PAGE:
Mallett School project receives unanimous support at straw poll

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FARMINGTON – A plan for a new 60,000 square foot school on the campus of the current W.G. Mallett School received unanimous support at a meeting Thursday evening. The next step is to have the plan reviewed by the state Department of Education.

64 people voted in favor of the plan, which was presented in 3-dimensional detail through an architecture design program. The building committee, which has had to react to a variety of challenges presented along the path to the presented concept, was out in force.

“This is an exciting night for the building committee,” Committee Chair Greg Webber said.

The plan, which was referred affectionately by lead architect Stephen Blatt as “the dog,” would consist of a two-floor facility. The school would be accessible by non-staff only through a single entrance, monitored by the administrative office. The gymnasium, cafeteria and kitchen facilities would be grouped near that entrance. During after-hours events, they could be sealed off from the rest of the school.

Architect Stephen Blatt points out the advantages of a redesigned Mallett School.

“The public uses for the school are in a single area,” Blatt said, “with doors you could lock off the rest of the building.”

The cafeteria, a separate room from the gym unlike the current school, will have large windows and glass walls to be seen as welcoming as possible for students. The “main street” of the school is also on the first floor; art room, computer room, music room, library. Kindergartners and a pre-kindergartner program, if implemented, would have rooms on the first floor as well.

Special education students, 1st, 2nd and 3rd graders would all be on the second floor. Blatt noted that the recessed second floor was set back away from the walls of the first floor, “pushing it further back in the horizon,” breaking up the building and making it seem smaller when viewed from a low vantage point.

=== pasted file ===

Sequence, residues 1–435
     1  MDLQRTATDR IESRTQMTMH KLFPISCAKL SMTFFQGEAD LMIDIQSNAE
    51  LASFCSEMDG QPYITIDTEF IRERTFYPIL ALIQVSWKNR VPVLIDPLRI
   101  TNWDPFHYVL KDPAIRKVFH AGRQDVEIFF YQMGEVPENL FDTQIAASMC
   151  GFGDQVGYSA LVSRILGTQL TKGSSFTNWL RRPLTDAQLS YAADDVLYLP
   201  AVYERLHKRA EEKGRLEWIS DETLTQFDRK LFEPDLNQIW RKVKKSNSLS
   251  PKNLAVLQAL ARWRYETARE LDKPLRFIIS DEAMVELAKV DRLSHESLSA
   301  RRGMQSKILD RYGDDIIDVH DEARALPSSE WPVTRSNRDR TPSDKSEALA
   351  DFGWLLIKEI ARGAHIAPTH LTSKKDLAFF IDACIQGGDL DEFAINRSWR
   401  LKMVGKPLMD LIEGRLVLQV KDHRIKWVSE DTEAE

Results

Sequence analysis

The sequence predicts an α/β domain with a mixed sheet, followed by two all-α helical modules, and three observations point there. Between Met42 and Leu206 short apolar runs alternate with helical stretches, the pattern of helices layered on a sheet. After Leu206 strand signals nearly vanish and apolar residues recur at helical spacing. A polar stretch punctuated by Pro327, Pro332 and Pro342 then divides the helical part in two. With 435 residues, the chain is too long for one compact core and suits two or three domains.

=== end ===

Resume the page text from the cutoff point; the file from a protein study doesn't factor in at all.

Each classroom will have a bathroom, sink and drinking fountain within the actual room, preventing the need for constant hall passes.

Blatt noted that the building’s design utilized “daylight harvesting” methods to bring natural light into the classrooms whenever possible, saving money on energy.

“This will be an extraordinarily green and sustainable school,” he said.

The building will almost entirely be crafted out of red, Maine brick, with the flat, slightly-pitched roofs being made out of a rubber membrane. The committee is still hoping that the state will agree to a green roof being built above the cafeteria, which would consist of a living, growing carpet of plant life designed to reduce the need for storm-water treatment.

Many of the questions asked by the public prior to the vote dealt with parking. The site utilizes a bus loop in front of the entrance, off of Middle Street, and a line of parent drop-off spots off of a vehicle route which enters off of Middle and exits onto Quebec Street.

“There is a lot more parking on this site than the current site,” Assistant Superintendent Susan Pratt said, “two or three-fold more.”

The plan now will move to the state level, after some final tweaks by the committee. State approval of the project could set up a referendum vote on whether or not to build a new school, tentatively scheduled for Nov. 20.

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